It is within this international environment that yesterday’s revolutionaries are engaged in the ‘review’ of the 1979 revolution and revolutionism in general. Rather than being the result of the defeat of the 1979 revolution, their conclusions owe themselves to global trends, which mocked ideals and principals, and became fashionable for some years.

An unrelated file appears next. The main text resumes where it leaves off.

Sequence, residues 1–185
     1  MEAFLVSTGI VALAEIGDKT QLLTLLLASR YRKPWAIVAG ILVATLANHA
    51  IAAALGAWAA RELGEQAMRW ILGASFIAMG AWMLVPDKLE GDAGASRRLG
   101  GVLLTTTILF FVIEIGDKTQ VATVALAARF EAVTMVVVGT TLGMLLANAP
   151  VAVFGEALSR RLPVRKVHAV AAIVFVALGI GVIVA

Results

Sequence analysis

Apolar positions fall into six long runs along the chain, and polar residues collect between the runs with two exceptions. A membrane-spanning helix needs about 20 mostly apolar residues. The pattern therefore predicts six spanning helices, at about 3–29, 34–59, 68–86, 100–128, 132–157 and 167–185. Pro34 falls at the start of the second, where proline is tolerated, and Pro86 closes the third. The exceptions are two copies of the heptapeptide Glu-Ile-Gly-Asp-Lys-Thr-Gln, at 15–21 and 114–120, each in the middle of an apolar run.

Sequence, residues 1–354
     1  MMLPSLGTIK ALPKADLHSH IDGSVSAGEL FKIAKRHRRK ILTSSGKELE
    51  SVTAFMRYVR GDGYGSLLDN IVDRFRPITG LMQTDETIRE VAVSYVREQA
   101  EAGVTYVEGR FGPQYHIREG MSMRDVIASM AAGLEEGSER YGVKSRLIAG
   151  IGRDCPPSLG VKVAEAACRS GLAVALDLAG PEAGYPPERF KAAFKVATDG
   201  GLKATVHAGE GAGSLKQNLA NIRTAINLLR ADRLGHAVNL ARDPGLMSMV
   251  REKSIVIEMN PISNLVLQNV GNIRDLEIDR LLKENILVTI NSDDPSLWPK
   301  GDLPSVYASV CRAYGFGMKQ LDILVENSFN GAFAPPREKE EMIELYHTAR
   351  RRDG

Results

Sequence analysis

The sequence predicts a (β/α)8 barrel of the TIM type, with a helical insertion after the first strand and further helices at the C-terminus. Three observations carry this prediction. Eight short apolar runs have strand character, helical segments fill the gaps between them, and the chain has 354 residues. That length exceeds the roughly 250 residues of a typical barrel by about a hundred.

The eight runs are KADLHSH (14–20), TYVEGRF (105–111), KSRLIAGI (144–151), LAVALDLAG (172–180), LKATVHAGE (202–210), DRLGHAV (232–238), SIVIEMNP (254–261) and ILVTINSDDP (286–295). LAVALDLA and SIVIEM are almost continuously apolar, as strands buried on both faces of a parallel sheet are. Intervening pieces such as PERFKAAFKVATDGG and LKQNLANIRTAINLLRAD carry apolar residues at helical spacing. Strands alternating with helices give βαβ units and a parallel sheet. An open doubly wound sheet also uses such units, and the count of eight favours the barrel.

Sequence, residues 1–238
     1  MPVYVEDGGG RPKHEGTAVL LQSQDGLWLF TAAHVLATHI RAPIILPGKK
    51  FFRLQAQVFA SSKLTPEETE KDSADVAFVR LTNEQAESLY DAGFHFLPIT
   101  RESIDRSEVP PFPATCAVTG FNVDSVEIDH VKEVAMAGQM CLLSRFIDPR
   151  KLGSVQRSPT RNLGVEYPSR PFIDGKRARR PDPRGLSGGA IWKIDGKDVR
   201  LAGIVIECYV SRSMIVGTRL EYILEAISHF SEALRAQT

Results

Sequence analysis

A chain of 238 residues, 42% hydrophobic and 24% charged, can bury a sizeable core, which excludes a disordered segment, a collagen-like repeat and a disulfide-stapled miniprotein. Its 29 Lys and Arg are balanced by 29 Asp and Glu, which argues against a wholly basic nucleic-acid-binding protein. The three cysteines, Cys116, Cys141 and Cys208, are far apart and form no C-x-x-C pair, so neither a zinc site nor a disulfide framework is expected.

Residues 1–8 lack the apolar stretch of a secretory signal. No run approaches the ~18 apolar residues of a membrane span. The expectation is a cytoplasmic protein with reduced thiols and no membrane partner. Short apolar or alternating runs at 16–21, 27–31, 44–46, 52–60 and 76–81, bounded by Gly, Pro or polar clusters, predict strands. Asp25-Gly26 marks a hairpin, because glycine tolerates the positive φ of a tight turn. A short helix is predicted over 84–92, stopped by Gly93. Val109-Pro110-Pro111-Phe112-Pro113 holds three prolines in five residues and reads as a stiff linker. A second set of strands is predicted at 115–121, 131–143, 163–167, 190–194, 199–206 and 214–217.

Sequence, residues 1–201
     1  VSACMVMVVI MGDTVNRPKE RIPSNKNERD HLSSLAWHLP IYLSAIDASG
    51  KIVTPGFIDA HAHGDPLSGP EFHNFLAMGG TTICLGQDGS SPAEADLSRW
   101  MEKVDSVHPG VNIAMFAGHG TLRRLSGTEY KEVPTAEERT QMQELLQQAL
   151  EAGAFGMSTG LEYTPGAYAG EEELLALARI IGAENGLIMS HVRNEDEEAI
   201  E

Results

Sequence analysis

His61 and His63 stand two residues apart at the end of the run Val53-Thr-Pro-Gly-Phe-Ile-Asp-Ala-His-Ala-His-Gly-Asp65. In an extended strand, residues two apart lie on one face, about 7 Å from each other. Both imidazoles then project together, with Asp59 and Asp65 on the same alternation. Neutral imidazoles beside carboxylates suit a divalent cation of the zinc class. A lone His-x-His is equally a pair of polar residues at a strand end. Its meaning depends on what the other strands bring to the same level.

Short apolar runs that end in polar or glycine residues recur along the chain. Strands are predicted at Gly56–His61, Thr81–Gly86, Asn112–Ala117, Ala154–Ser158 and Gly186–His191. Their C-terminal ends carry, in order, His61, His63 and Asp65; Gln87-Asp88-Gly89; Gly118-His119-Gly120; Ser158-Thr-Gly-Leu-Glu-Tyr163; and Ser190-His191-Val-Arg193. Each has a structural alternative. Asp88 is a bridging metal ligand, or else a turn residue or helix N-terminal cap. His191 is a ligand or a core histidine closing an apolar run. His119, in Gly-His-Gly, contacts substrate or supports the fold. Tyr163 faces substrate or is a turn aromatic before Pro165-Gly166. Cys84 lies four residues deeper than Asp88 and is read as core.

It is said that history is written by the victors. It must be added, however, that history, which is written by the defeated is ever more false and venomous, since this latter is nothing but the former dressed in mourning, surrender and self-deceit. If history is the story of change, then real history is the history of the undefeated – the history of the movement and people who still want and are struggling for change, the history of those who are not willing to bury their ideals and hopes of a human society, the history of people and movements that are not at liberty of choosing their principles and aims and have no choice but to strive for improvements. In the history of both the victors and defeated, the 1979 revolution is a step for the rise of Islam and Islamism and the cause of the current situation in Iran. In real history, however, the 1979 revolution was a movement for freedom and prosperity, which was smashed.